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by Laura Harris, 2006Looping tobacco in Granville County, ca. 1930. Photograph by Albert Barden. North Carolina Collection, University of North Carolina at Chapel Hill Library.

Barns have been used in North Carolina to protect farm animals and store crops and farm equipment since the early days of European settlement. The design of a barn was strongly related to the immigrant ethnic group who built it. In the 1600s the English constructed their primitive dwellings without using floor plans and using only unfamiliar local materials. The Germans (Lutheran, Moravian, and Reformed Protestants of diverse European origin) who settled into the sparsely populated western Piedmont region in the late seventeenth century built barns similar to European hillside barns, which allowed for easy access to upper levels. There was also the Grundscheier, a ground barn that was a single-level structure with two log cribs separated by the threshing. At about the same time, Scotch-Irish immigrants came to North Carolina, bringing their unique style of architecture to the land. In the late nineteenth century, as farming became more technologically advanced, barn designs became less individual and more practical.

The size of a barn usually indicates the size of the farm on which it stands. The hill country of Appalachia and the western region of North Carolina were earlier known for crib barns, the simplest barn structure of all-a pen or crib made of rough logs held together at the corners by notches. On larger farms in the same region, cantilevered double-crib barns with lofts overhanging the cribs (usually in the front and back) were common. The lofts were used for hay storage.

Stover Wise's Barn, Frank W. Bicknell Photograph Collection, North Carolina State Archives, call #:  PhC8_423, Raleigh, NC.The barn most easily identified with North Carolina, having changed little over several decades, is the flue-cured tobacco barn. These square buildings typically measure from 16 to 20 feet per side, with a height of around 20 feet. Tobacco barns were at one time so numerous in the state that an astute observer counted 200 of them on a 60-mile stretch of Highway 86 from Hillsborough to Danville, Va. These buildings were constructed in relation to roads, fields, and other farm buildings and were never placed near a house. The construction of one was a major social event, taking 12 to 15 men an entire day.

Early flue-cured tobacco barns resembled log cabins, especially in their small size (about 16 square feet). Like cabins, they were square log buildings (constructed using similar notching techniques) with no floor plan, and the spaces between their logs were filled with mud or mortar chinking. They had gabled roofs and a door in the center. The internal structural supports had to bear the inside load as well as withstand strong windstorms. Since bundled tobacco leaves are hung in tiers and fresh tobacco is 80 percent water, the internal structure of a tobacco barn 20 square feet in size must support nearly five tons of weight. The inside also had to be airtight, as ventilation control was critical to proper curing. Some tobacco barns had sheds alongside that served three purposes: they provided a shady place for the stringing operation during the very hot harvest months of July through September; they protected the furnace from rain; and they gave shelter to the attendant who slept overnight at the barn during the curing process.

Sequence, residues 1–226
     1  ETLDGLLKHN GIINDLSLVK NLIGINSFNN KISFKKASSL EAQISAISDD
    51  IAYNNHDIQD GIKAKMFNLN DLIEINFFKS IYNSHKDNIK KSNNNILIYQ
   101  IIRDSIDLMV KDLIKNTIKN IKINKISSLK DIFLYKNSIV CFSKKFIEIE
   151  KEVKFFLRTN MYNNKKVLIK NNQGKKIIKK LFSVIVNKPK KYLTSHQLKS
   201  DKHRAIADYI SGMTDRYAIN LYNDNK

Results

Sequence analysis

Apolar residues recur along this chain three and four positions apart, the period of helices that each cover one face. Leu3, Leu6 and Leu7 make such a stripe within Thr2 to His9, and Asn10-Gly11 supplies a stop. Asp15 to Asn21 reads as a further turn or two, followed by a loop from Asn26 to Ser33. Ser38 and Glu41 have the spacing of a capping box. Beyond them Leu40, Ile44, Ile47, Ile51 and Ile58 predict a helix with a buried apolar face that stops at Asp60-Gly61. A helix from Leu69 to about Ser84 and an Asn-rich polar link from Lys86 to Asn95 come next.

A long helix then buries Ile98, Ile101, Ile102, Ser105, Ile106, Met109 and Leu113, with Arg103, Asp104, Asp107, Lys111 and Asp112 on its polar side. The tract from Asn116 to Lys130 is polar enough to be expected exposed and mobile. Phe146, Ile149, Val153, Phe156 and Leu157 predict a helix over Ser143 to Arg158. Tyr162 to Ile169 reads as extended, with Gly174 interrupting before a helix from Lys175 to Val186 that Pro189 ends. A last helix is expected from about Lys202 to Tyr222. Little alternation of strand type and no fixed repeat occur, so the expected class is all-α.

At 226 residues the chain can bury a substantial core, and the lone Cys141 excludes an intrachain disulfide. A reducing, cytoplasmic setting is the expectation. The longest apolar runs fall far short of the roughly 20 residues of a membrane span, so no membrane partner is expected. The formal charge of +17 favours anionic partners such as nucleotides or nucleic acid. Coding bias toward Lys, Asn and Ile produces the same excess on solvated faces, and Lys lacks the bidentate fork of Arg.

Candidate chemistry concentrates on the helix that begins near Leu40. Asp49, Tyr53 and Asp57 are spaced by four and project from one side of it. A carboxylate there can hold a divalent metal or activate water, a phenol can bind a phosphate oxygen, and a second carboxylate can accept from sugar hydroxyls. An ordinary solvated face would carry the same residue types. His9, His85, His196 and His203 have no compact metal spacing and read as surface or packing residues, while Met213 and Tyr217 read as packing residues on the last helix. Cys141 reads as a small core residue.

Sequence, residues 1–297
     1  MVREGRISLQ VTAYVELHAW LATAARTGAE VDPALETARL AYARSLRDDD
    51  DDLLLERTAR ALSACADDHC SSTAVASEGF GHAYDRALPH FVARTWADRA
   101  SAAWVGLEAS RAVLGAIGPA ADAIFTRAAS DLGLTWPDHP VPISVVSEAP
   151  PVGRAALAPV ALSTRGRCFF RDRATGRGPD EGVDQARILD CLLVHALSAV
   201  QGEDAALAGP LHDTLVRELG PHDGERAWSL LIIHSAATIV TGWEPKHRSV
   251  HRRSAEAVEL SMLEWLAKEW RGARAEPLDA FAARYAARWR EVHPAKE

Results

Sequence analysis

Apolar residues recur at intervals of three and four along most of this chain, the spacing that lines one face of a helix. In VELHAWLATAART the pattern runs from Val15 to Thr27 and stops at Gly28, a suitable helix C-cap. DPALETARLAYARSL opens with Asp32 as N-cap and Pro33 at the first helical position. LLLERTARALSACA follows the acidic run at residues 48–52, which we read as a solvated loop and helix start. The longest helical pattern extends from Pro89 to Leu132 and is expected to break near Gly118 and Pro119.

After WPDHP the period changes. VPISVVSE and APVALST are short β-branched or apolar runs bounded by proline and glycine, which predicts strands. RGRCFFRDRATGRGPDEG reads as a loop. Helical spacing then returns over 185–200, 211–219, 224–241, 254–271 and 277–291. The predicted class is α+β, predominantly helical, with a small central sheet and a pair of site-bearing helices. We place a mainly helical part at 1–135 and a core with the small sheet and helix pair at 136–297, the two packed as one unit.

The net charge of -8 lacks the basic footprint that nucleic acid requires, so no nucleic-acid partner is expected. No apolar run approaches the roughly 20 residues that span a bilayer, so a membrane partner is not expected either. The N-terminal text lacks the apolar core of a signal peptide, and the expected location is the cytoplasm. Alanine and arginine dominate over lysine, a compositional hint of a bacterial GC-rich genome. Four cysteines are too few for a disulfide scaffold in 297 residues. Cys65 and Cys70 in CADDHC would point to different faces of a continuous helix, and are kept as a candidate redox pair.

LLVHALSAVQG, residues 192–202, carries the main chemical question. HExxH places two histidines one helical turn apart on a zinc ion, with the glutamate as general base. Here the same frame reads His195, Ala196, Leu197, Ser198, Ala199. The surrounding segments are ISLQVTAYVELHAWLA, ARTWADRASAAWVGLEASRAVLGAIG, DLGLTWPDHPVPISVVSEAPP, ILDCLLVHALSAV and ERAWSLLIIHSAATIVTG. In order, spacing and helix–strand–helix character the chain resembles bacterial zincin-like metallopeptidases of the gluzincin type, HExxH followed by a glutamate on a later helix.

While the earlier tobacco barns were constructed of pine logs, later builders were forced to try other materials because of the scarcity of good pine; their efforts generally proved unsatisfactory. Frame barns were poorly insulated and needed siding; sheet metal was used, but this wasted heat. Stucco did not allow moisture to escape, and many buildings made of this material simply collapsed. By 1925, Coastal Plain tobacco barns were being built of concrete, which provided a superior method of construction. In the Piedmont region, however, the newer frame barns could not compare to the high quality of the older log tobacco barns.


W. A. Foster and D. G. Carter, Farm Buildings (1922).

Amos Long, Farmsteads and Their Buildings (1972).

Additional Resources:

Celebrate Tobacco Barns, North Carolina Department of Cultural Resources:

"Piece Signs," Our State, October 2007.

Image Credit:

Looping tobacco in Granville County, ca. 1930. Photograph by Albert Barden. North Carolina Collection, University of North Carolina at Chapel Hill Library.

Stover Wise's Barn, Frank W. Bicknell Photograph Collection, North Carolina State Archives, call #:  PhC8_423, Raleigh, NC. Available from (accessed August 27, 2012).






As one who was born and worked on a tobacco farm in Franklin County, North Carolina, I appreciate these articles on the early history of North Carolina. They are a treasure presenting the early Indian tribes and the life of those who settled. Life took my husband, who also grew up on a flue cured tobacco farm in the same county, to life in northern states and then many years in Pennsylvania. We became genealogist of our family heritage and stayed connected to our roots. I want to use your articles on the early history of North Carolina, to share with my children and grandchildren the early history and times of their ancestors as they migrated from southeaster Virginia into the Piedmont area of North Carolina in the mid 1700s.

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